A senior shipping industry executive is warning that drug trafficking gangs have infiltrated shipping supply chains to an “extreme” extent.
European authorities have had a busy few years, with annual drug seizures consistently breaking new records. But criminal organisations often stay a step ahead:
- They’ve expanded to smaller ports to avoid detection
- They’ve streamlined their operations, and
- They’ve boosted drug production locally.
So what’s Europe doing? In its latest ‘roadmap’, Brussels introduces the European Ports Alliance, an EU-wide scheme focussed on:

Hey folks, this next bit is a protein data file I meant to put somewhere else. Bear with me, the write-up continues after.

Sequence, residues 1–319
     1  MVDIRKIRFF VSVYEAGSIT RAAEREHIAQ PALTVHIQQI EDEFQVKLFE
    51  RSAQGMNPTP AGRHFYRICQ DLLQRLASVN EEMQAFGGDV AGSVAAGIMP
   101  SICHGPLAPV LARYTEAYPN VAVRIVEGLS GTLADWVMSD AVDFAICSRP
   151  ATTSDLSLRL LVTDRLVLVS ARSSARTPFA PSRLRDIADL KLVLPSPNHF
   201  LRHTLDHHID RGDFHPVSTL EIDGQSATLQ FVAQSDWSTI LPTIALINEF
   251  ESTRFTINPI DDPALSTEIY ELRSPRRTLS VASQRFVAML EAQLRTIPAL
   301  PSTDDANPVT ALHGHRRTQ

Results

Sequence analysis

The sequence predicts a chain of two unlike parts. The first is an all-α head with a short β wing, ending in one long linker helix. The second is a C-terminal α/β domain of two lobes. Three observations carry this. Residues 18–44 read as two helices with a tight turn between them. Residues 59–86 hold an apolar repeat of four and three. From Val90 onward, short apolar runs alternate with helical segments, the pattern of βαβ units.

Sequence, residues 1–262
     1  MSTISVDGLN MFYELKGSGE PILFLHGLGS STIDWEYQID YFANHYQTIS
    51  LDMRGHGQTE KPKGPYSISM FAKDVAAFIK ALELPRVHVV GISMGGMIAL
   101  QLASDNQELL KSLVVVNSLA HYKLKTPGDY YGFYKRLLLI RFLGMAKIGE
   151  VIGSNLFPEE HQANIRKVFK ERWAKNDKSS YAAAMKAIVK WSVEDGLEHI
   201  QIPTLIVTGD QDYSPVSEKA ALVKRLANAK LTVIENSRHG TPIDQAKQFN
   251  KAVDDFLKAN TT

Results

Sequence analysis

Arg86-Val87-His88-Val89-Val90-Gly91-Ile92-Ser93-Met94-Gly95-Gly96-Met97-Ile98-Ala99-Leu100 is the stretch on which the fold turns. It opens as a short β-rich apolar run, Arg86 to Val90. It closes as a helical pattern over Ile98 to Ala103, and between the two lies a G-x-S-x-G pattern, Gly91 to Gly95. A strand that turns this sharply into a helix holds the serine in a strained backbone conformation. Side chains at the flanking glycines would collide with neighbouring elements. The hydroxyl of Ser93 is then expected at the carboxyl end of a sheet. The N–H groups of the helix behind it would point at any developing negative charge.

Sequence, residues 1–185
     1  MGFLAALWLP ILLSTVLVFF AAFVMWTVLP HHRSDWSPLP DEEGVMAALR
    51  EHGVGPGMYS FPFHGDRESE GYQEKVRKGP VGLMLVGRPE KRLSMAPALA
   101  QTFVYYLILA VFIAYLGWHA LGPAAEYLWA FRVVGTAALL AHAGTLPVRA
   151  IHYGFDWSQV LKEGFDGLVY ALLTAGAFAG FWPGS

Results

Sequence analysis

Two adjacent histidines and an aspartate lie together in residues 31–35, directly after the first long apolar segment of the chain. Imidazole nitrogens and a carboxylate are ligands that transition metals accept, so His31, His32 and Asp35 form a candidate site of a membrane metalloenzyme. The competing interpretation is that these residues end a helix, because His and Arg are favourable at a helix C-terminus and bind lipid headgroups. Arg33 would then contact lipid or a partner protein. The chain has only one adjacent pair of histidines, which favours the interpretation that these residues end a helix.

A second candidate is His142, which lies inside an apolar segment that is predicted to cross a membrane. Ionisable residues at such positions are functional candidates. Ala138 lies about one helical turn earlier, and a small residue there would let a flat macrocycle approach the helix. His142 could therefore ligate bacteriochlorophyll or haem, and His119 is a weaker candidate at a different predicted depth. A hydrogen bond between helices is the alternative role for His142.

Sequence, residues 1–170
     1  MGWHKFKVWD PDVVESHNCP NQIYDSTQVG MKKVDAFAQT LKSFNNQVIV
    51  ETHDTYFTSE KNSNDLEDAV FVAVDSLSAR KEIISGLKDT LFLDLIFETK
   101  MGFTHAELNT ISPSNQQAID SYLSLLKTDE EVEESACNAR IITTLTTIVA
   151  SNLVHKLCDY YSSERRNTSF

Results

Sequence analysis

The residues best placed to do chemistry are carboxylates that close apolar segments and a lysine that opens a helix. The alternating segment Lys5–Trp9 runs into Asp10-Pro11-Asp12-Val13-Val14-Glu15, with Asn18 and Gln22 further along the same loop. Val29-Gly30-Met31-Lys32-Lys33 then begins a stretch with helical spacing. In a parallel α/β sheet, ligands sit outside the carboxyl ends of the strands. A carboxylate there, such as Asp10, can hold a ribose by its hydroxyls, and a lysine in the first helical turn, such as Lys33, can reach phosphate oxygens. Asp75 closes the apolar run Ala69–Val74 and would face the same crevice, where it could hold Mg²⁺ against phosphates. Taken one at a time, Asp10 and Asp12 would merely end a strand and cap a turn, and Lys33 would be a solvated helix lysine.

- Customs – authorities now inspect less than 10% of all cargo
- Policing – there’s not enough police-customs coordination, and
- Companies – there’s not enough coordination between shipping firms and law enforcement, either.
Intrigue’s take: Most drugs entering Europe essentially hitch a ride on commercial cargo ships, which means any policy aimed at illicit trade will end up impacting lawful trade too.
So that’s really what this latest plan is about: it’s not realistic to inspect every container; better targeting is key, and that means better coordination.
Also worth noting:
- The port of Antwerp, Europe’s key cocaine trafficking hub, is aiming to inspect all “high-risk” cargo by 2028.